The Canadian Centre for Ethics in Sport has just opened a hotline (1.800.710.CCES) to report sports cheaters. When you consider all the malfeasance appearing daily in the corporate world, on Wall Street and the Internet, I can’t help but question this use of taxpayers’ money. I dial anyway. It is Grey Cup Sunday and separate recordings, in both official languages, inform me to leave a message.

Most Canadians remember Ben Johnson, who won, then lost a 100-metre 9.79 second Olympic race and cyclist Lance Armstrong, who won, then lost a 21-day, 3,600-kilometre Tour de France title—seven times! Even A-Rod, the New York Yankee third baseman and all-time highest paid player, got caught.

Why do sports, political and business heroes cheat? Perhaps Dr. Michael Gazzaniga has found the source of their discontent: a region of the human brain that can simply be dishonest with the rest of your cranium. Named the “Interpreter Module,” these neurons in the left hemisphere of the prefrontal cortex interpret or even fabricate stories in an attempt to make sense of the world. Even when the Interpreter is ignorant of the facts or is blatantly starved for truth, it will simply make stuff up.

On that note, I make another call, dialing 1.800.Internet-Fraud. “Hello,” I whistle. “I’d like to report a business that pays its investors with money from new investors even though they have never made a profit in seven years.”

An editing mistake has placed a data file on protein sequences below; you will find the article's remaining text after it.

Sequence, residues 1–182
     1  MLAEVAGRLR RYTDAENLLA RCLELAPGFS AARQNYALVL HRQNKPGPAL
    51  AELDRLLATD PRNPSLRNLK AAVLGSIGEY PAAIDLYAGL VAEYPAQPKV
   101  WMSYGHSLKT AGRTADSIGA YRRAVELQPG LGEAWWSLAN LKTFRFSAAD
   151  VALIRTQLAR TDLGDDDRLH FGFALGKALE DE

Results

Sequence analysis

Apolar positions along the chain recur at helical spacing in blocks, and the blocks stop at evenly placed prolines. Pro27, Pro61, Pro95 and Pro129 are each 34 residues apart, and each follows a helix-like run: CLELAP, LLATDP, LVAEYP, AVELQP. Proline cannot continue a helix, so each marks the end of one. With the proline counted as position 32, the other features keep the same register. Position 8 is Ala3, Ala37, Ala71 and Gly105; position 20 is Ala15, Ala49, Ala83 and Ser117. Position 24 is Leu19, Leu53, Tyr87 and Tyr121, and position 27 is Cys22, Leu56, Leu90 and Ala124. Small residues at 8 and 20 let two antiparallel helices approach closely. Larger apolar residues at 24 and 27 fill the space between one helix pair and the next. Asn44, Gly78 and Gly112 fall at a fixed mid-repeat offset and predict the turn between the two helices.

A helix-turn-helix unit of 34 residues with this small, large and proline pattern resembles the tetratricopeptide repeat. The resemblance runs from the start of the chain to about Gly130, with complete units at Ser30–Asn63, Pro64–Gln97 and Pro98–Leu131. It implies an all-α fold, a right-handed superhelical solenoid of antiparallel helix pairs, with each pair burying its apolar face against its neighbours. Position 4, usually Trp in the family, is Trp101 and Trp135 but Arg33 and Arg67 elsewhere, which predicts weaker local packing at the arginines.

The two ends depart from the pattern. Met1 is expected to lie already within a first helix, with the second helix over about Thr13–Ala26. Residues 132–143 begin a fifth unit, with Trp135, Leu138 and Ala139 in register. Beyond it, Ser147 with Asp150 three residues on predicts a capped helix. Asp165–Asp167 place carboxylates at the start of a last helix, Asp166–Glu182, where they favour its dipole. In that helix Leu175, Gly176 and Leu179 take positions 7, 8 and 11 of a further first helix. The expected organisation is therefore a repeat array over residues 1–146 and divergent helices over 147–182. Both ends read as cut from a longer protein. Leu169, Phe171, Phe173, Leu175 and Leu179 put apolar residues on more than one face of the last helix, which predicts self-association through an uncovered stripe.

“Sir, in spite of that sounding precisely like the definition of a Ponzi scheme,” she answers, “Twitter has actually gone public and now has a value of $25 billion. Thanks for calling.” Click.

I hit redial. “Did I hear you say $25 billion?” I blurt. “They have never even made a profit. Okanagan Life has made a profit.”

I’m on hold again and John Lennon is belting out Mind Games, which is so steroid-induced-ironic because 40 years ago when the song was released, Lennon was completely stressed from constant FBI surveillance. Today, nobody seems stressed from the creepy constant surveillance of Google. They are watching you and everybody else: hacking into iPhones, tool-bar spying, illegally filming people on Street View or performing the Google Wi-Spy, a scandal that has been reported in the Huffington Post as “the largest breach of privacy in history across western democracies.” The European Union’s top antitrust official has warned Google it could face formal charges soon. Google, could you pee in this cup?